Bonds and stocks don’t dance together anymore. It’s a strange new economy.
So I think I’m looking pretty good right now.
Last week, on Wednesday, I said that the US equity market was looking a little bubbly.
By the end of the week, markets had heard the message, and the US market was hammered. Tech stocks were hit hard. Australia followed dutifully behind.
I’m so clever.
But it’s easy to say in hindsight.
And the truth is that markets can look ‘bubbly’ or at least stretched, for ages before something comes along and gives them a nudge.
But last week, something did come along and give markets a nudge.
And that thing was rising bond yields.
Now someone asked me why rising bond yields would cause stock prices to fall.
That’s a very, very good question.
In fact, that’s a question everyone wants to know right now:
But this is the thing. I don’t think anyone really knows the answer.
In the old days, back when I started investing, my mentor would get out of his horse and buggy and say, stocks and bonds always go in opposite directions.
When stocks go up, bonds go down. When stocks go down, bonds go up.
And it was such a reliable thing that people developed portfolio allocations based on it. Beginning investors were advised to follow Rick Ferri’s Two-Fund portfolio mix: 60% stocks, 40% bonds.
The idea is that bonds would help protect your portfolio in a stock market rout.
Bonds gave you protection.
And they did. It was true for generations. Stocks and bonds would move in opposite directions.
Remember, equities carry risk. Bonds, since they’re backed by the government, carry almost no risk.
And the idea was that in a risk-on environment, people would sell bonds and buy stocks. And in a risk-off environment, they’d sell stocks and buy bonds.
That transfer of demand would cause prices to move in opposite directions.
And that’s what seemed to happen.
Until the QE era kicked in.
After that, there seems to be almost no correlation at all. If anything, stocks and bond prices tend to move together.
(Oh, I’m talking about prices there. In the news you’re hearing everyone talk about ‘rising bond yields’. As a property investor I’m sure you know that if a price falls, and the return remains the same, the yield goes up. So when you hear “rising bond yields” you know we’re also talking about falling bond prices.)
So yeah, last week we saw falling bond prices (and rising yields) AND falling stock prices.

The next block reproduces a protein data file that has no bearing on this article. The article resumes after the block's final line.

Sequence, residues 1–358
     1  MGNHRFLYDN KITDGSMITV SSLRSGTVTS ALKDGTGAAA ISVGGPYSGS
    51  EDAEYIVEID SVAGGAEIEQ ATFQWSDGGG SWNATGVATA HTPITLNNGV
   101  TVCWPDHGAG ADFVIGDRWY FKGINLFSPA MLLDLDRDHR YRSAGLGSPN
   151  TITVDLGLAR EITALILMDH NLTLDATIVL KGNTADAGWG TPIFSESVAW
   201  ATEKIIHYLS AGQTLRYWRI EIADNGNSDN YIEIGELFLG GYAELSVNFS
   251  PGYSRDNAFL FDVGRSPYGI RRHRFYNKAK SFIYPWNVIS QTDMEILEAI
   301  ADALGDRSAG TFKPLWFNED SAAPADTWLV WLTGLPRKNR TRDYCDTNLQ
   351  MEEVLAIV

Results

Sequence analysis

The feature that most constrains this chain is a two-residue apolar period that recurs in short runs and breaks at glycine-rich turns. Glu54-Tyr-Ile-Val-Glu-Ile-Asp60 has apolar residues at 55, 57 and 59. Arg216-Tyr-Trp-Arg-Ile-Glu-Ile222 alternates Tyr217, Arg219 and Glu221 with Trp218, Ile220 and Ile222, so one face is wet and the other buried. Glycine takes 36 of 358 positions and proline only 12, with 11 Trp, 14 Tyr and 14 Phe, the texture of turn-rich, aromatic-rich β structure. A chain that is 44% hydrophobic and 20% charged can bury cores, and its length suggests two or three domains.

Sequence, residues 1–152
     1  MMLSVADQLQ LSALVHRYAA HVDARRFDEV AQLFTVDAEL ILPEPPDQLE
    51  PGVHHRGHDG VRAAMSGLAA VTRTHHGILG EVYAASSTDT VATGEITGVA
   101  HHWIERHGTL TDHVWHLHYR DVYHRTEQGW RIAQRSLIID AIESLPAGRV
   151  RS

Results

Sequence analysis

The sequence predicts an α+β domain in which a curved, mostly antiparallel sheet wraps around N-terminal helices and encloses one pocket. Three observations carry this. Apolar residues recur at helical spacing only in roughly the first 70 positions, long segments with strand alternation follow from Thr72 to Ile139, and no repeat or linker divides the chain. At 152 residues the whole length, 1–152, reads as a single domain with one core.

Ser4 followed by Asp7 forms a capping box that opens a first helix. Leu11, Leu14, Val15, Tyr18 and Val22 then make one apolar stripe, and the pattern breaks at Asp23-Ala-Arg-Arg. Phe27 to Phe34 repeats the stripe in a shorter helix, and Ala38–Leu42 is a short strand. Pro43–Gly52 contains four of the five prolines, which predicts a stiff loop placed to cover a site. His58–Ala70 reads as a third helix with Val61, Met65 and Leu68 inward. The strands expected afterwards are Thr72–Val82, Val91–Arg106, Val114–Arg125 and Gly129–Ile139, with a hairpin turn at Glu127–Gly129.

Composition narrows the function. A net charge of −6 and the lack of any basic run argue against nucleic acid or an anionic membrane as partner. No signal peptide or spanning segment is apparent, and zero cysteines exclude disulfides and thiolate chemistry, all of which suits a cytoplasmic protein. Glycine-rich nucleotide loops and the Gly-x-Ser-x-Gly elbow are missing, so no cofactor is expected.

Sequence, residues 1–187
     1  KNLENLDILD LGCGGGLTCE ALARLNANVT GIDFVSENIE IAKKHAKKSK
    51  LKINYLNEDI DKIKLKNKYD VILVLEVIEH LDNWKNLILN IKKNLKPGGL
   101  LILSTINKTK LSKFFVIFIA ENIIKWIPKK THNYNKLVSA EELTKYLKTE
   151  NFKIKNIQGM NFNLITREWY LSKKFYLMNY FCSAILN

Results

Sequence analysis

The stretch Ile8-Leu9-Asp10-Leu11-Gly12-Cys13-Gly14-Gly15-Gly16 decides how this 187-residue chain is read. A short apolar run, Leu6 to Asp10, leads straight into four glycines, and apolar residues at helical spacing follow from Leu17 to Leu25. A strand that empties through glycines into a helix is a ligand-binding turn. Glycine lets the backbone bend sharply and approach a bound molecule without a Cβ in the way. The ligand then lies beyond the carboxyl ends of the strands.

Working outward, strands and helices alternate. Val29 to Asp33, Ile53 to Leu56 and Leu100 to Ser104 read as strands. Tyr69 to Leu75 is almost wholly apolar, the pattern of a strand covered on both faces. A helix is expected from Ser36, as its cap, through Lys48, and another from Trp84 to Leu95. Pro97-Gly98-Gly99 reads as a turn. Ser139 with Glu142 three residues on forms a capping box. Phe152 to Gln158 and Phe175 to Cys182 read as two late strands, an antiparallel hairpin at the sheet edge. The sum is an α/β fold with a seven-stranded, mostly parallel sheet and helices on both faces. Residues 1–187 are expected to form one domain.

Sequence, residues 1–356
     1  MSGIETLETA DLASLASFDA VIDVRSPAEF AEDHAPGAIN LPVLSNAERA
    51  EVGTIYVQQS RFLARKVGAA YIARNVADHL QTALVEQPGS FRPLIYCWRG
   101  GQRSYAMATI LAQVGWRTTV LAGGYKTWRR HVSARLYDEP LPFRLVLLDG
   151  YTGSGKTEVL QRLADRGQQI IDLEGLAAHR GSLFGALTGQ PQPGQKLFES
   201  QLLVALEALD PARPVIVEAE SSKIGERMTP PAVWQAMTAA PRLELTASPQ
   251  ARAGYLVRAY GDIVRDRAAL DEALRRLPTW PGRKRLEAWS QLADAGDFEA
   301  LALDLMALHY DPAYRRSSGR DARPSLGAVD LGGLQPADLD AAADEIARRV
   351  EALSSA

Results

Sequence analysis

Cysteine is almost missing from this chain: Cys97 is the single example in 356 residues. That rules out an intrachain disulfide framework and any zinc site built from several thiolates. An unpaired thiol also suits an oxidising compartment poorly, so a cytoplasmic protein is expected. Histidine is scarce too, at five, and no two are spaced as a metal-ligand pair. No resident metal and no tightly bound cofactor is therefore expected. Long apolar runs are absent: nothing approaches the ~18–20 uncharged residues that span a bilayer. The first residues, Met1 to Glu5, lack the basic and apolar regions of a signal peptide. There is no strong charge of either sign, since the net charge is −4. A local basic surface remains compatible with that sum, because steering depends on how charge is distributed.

So much for the 60:40 mix.
(You were 100% down on Friday.)
Anyway, back to the puzzle at hand. Bond yields went up, and shares were sold off.
There’s two parts there. What happened to bond yields? And then what happened to shares?
So first, let’s look at why bond yields went up?
The key factor seems to be rising expectations of inflation.
As I’ve noted before, sentiment around the US economy and the Australian economy is pretty bullish right now. That’s on the back of super-cheap interest rates and massive fiscal spending.
I mean, check out the chart on the US money supply. Totally nuts:
But now, there’s so much money gushing into the system, that people are starting to worry about inflation.
The rate of return on bonds – the yield – has inflation cooked into it. So when inflation, or inflation expectations rise, yields go up.
And so the increase in yields reflects a growing belief that our economies are starting to run a little too hot.
They’re a little too awesome.
Now, that sounds like a good thing for stocks right?
Companies love a hot economy. That’s good for sales right?
But no, stocks got sold off.
And why was that?
Well, to understand that, we have to get to the mystery at the heart of the modern economy. We have to get to the thing that everything hinges on right now.
More on that tomorrow.
“The earlier part of the move was driven by rising inflation expectations because one of the components for bond yields is compensation for inflation,” he said. “More recently, the increase in bond yields has continued and it has come about by an increase in real yields.”
Real yields are the component of the bond yield that is left after investors receive compensation for inflation, and are a good proxy for underlying economic growth expectations.
“If people think that economic growth is going to improve, then real returns – economic growth after inflation – are likely to improve across the entire economy because it’s easier to generate positive returns when the global economy is growing,” Mr Hamlyn said.
Relative yields. – 1.55 T vs 1.51 in equities. Higher yield with zero risk.
Corporate interest burden increases
Higher bond yields a negative for gold, since gold doesn’t generate yields.
Bond yields, in a way, represent the opportunity cost of investing in equities. For example, if the 10-year bond is yielding 7% per annum then the equity markets will be attractive only if it can earn well above 7%. As bond yields go up the opportunity cost of investing in equities goes up and therefore equities become less attractive.
The yield on bonds is normally used as the risk-free rate when calculating cost of capital. When bond yields go up then the cost of capital goes up. That means that future cash flows get discounted at a higher rate. This compresses the valuations of these stocks.
On the forward rates front, the fed funds futures market is now pricing in more or less a full hike in 2022 as well as two in 2023, and we think the 2022 expectation will be viewed by the Fed as excessive and potentially starting to become problematic.”
Treasury drawdown = liquidity coming
US Broad money up $3tn y/y